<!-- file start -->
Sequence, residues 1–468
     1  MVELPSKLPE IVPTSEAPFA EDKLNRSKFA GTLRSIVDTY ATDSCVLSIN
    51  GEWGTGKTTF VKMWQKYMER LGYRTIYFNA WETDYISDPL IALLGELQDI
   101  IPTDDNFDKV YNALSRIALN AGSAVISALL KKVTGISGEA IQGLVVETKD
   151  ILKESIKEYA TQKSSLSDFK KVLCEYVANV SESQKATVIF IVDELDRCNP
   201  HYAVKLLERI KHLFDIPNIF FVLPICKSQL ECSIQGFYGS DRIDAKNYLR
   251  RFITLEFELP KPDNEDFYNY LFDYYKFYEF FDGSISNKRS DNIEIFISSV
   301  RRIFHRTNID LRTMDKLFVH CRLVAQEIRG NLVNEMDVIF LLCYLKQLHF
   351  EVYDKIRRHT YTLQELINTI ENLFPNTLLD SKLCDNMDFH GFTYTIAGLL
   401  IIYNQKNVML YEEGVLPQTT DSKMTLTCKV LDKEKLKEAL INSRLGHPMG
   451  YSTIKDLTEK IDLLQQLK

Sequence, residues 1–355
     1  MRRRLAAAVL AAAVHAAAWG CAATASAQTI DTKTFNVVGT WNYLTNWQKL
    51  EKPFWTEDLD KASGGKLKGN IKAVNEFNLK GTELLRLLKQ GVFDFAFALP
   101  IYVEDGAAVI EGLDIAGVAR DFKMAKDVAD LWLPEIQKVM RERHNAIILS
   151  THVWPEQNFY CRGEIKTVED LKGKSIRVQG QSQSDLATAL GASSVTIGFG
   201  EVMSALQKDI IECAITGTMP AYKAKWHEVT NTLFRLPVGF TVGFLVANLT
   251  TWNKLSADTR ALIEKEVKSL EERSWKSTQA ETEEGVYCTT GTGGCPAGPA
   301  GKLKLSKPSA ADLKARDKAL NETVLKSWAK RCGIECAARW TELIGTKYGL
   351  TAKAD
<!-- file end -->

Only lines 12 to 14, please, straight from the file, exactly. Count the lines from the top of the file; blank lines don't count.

Sequence, residues 1–355
     1  MRRRLAAAVL AAAVHAAAWG CAATASAQTI DTKTFNVVGT WNYLTNWQKL
    51  EKPFWTEDLD KASGGKLKGN IKAVNEFNLK GTELLRLLKQ GVFDFAFALP